Persons whose lungs may be compromised from vaping nicotine or tetrahydrocannabinol (or even just flavorings) may be at higher risk for complications of COVID-19.


Many efforts to address risks are underway in Colorado

Treatment providers are working hard to maintain continuity of care for their patients.

Federal regulations have provided expanded flexibility for take-home medication-assisted treatment.  Opioid treatment providers (OTPs) are working hard to address diversion concerns and identify new means for using telehealth with patients.

The state’s Medicaid agency is quickly identifying means to get individuals connected to Medicaid and accessing needed care.

Recovery groups are meeting online. From Alcoholics Anonymous, to Heroin Anonymous, to new programs like SoberAF that have virtual meetings, recovery support has a presence online. Daily new, free groups are being developed to provide support and community.

All behavioral healthcare and substance use treatment providers are considered “essential services” during the stay-at-home order. A person can get substance use treatment without concerns of violating the order. Most treatment providers are maintaining services. Many have found new accommodations through tele-health. All walk-in-crisis centers are open to the public and the Colorado Crisis Hotline is taking calls 24/7.

Key practices for providers

Ensure continuity of care for individuals with substance use disorders

Opioid treatment providers are continuing to provide services and make accommodations to increase social distancing. Syringe access providers are continuing to provide services with some changes to hours.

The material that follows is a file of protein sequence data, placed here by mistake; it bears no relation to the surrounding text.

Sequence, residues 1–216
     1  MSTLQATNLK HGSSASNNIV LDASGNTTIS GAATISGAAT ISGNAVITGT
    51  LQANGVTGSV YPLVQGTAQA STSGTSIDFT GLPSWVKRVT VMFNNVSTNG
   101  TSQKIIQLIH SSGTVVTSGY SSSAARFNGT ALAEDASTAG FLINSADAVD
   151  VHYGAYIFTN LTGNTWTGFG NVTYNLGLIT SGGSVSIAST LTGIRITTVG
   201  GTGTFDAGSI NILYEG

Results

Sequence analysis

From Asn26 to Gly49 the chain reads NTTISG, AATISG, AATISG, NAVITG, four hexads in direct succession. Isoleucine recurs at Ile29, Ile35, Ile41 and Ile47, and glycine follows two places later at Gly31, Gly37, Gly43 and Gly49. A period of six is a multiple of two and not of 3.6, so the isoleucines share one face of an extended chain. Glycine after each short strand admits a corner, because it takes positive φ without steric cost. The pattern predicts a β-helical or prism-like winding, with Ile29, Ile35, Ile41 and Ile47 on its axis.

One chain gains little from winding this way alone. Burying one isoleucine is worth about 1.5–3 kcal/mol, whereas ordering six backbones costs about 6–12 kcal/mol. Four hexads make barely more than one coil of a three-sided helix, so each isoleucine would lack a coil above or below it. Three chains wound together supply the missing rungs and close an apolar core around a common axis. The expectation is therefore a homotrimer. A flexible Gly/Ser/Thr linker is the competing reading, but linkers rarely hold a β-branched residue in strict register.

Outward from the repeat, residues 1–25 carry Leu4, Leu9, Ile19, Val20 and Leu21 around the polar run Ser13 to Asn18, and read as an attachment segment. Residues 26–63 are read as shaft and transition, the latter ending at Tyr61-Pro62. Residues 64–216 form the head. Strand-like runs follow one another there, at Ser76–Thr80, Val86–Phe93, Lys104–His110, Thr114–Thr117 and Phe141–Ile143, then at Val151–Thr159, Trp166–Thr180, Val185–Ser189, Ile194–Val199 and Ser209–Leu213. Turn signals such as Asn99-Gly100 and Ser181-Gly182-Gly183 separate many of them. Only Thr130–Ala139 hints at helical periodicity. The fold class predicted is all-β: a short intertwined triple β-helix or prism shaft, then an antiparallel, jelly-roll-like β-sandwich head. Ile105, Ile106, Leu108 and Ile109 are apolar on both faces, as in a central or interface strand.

Follow recommended guidance for protecting staff and clients (See OBH and HCPF guidance)

See the Office of Behavioral Health website for updated information about dispensing, billing, and regulatory changes.

Identify recovery support communities

Many online recovery support communities exist. Peer recovery coaches can be particularly valuable to do online and virtual outreach to ensure individuals are connected to support systems. See link for resources for recovery support

Identify virtual training opportunities

Some apps like Opi-Rescue can be used in place of in-person naloxone education. Some groups are doing online CRAFT classes. Identify measures to continue services through online learning. One benefit of this crisis is the rapid expansion of telemedicine.

Combat discrimination against people who use substances

As with any crisis, often those most marginalized have limited access to services and support. Discrimination can compound these factors.


What we can all do

Prioritize mental health for yourself

Reach out to friends and family for social support and to check on how doing

Don’t forget the very valuable work you are doing to address substance use – it may be more important now than ever!



European Monitoring Centre for Drugs and Drug Addiction (2020), ‘COVID19 and people who use drugs’

European Centre for Disease Prevention and Control and European Monitoring Centre for Drugs and Drug Addiction (2018), ‘Guidance in Brief: Prevention and control of blood-borne viruses in prison settings’.

European Monitoring Centre for Drugs and Drug Addiction (2017), ‘Health and social responses to drug problems: a European guide’.

National Institute of Drug Abuse (2020), ‘COVID-19: Potential Implications for Individuals with Substance Use Disorders.’

Palmer, F., Jaffray, M., Moffat, M. A., Matheson, C., McLernon, D. J., Coutts, A. and Haughney, J. (2012), ‘Prevalence of common chronic respiratory diseases in drug misusers: a cohort study’, Primary Care Respiratory Journal 21(4), pp. 377–83.

Sacerdote, P. (2006), ‘Opioids and the immune system’, Palliative Medicine 20 Suppl 1, pp. s9-15.

Schwartz, B. G., Rezkalla, S. and Kloner, R. A. (2010), ‘Cardiovascular Effects of Cocaine’, Circulation 122(24), pp. 2558–69.

Thylstrup, B., Clausen, T. and Hesse, M. (2015), ‘Cardiovascular disease among people with drug use disorders’, International Journal of Public Health 60(6), pp. 659–68.